Monday, August 1, 2011

Domestic Enemies of the Elementary Teacher

A few months ago, a parent of a child in my class told me about a fabulous blog called stark.raving.mad.mommy, which chronicles the adventures of a fabulously snarky, honest mom. One of her children is on the autism spectrum, so it has been fascinating for me as a teacher to learn more about how these students function in their daily lives.

One recent post that she did was as a guest on the blog Rants from Mommyland for their "Domestic Enemies" series... in which moms of various types enlighten readers about their biggest nemeses. I was inspired to create my own list of "Domestic Enemies" of my profession:

-Mr. and Mrs. Denial: These are the parents who refuse to acknowledge that their child shows signs of having an issue affecting his/her academic performance. No, his lack of focus and inability to attend to a task for longer than 4 seconds is not because he's "just a typical boy." Last I checked, your male genitalia means you are a boy. Your lack of focus means you may have ADD. (*Note: for the sake of being PC, it makes you "under consideration for having characteristics of ADD." Which is the most I'm allowed to tell you about your child.) My problem with these people is that if a child has an issue - be it ADD, anxiety, learning disabilities, being "on the spectrum", etc. - it will help them if the issue is identified and addressed. It doesn't just go away. Usually I am already accommodating the child for the issue he/she is having anyway!

-Mrs. Overreacting Worrywart: No, there is nothing wrong with your kid. He got a B on the test. Sh*t happens, and it will teach him to study his vocabulary words longer next time. If you meet with his teacher every time he gets anything below an A, he will never learn to stand up for himself OR to realize that he's not perfect. By the way, don't tell me "he's always been an A student." He's eight.

-Mrs. Call-me-at-home: I seriously had a parent call me to ask about a project due Monday on Saturday night at 9 pm. Saturday, February 14. Valentine's Day. For your information, I do have a life, and it does not include acknowledging the existence of my students between Friday evening and Sunday evening.

-Mrs. My-Kid's-Feces-Don't-Stink: No, your child is not perfect, and yes, she did in fact call the girl at her table stupid and ugly. She was not "led into it" by a ringleader - she is the ringleader. Oh, and by the way - MTV is not appropriate viewing material for your third grader.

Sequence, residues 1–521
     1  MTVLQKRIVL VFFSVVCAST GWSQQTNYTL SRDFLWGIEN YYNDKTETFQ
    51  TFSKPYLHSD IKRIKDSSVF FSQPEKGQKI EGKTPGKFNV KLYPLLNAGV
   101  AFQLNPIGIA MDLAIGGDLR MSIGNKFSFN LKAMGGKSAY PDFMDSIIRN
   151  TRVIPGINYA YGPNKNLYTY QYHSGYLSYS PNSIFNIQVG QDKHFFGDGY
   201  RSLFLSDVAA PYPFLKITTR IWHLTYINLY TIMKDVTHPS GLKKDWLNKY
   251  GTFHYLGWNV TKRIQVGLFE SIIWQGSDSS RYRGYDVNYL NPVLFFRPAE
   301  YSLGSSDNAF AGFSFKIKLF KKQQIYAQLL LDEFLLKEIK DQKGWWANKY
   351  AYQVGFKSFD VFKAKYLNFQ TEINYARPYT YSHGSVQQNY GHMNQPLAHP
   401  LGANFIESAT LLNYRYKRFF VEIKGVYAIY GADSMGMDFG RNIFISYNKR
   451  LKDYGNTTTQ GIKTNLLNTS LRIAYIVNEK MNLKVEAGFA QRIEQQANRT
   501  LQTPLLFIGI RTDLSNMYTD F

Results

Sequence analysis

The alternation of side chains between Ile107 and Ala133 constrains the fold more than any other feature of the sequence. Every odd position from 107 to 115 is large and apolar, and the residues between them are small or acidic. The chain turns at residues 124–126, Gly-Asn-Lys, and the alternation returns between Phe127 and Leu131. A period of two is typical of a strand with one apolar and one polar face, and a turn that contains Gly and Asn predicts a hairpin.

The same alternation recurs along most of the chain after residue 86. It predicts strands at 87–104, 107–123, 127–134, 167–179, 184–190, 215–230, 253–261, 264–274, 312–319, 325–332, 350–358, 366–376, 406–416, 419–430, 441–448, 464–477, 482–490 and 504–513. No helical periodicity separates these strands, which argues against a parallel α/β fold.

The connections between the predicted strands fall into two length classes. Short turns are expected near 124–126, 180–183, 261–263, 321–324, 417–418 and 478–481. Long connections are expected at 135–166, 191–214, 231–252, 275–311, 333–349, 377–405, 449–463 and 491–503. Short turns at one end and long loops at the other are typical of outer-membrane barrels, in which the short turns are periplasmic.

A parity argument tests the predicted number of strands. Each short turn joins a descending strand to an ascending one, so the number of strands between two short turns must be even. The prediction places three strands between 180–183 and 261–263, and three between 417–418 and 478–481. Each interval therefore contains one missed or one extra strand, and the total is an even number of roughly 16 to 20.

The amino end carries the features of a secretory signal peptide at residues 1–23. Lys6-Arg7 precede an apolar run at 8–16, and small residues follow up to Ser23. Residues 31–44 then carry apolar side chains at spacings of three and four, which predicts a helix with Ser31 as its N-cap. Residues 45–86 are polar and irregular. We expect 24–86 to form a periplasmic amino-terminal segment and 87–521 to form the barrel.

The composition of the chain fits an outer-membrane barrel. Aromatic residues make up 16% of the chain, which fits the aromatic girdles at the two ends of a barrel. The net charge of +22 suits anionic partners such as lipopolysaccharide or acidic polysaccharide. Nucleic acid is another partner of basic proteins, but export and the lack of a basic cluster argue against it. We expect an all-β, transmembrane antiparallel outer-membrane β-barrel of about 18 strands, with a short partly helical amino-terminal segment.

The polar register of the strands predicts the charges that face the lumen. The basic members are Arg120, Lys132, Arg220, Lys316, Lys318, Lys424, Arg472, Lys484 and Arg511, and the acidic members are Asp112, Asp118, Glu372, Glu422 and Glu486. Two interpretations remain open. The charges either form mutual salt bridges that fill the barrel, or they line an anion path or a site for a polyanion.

-Mrs. Jones: as in, the teacher you feel like you need to "keep up" with. She has a color-coded, alphabetized filing system, her graded work folder actually goes home on the correct day every week, her classroom is immaculate... I could go on. Seriously, lady - you're screwing up the curve for the rest of us.

-Papers in my "To Be Graded" bin: I hate you.

- Clutter: It is very difficult to keep a room straight when as many as 27 people operate in it at the same time, with 25 of those being eight- and nine-year-olds. I can't even keep my own one-person mess straight at home - what do you want from me? It's like the piles of paper mate and multiply each night after I go home. I decided a long time ago that given the choice between straightening up my room for an hour or spending an hour planning an amazing hands-on, cooperatively-grouped, high-on-Bloom's-taxonomy lesson, I will pick the lesson every single time.

-Standardized testing. Standardized curriculum. Standardized standards of standardhood. Children are not standardized. Believe me, there are times I wish they were - my job would be a bajillion times easier. But they're not. So quit stressing me and them out by deciding how many bubbles they need to fill in correctly to advance to the next grade.

I'd like to close this rant by noting a few things. First of all, while I have had parents who fall into all of the aforementioned categories, they are few and far between. In my experience, 99% of the parents are lovely, supportive people who just want the best for their child and want to know what they can do to help you. Thanks to all of you who have enabled me to survive three years of teaching still ready for more!

I'd also like to point out that not a single one of the "domestic enemies" that I've listed is a child. Yes, there are annoying kids and mean kids and kids with "issues" - all of whom require patience and often a lot of extra time and effort. The reason I don't have a single kid to put on my list is that the kids are, in fact, the good part of the job. I will love and educate the crap out of every last one of the children who walks in my door to the best of my ability. I'm not perfect, and neither are they. But the kids are the upside, not the enemies. Any teacher who says otherwise is looooong overdue for retirement.


  1. You're right...this post is great...and so true! Children are the upside. I use to say that the actual job took place when the kids weren't in the classroom - the kids make my day.

    I also like the name change...The Upside!

  2. "By the way, don't tell me 'he's always been an A student.' He's eight."

    Bahahaha. So true.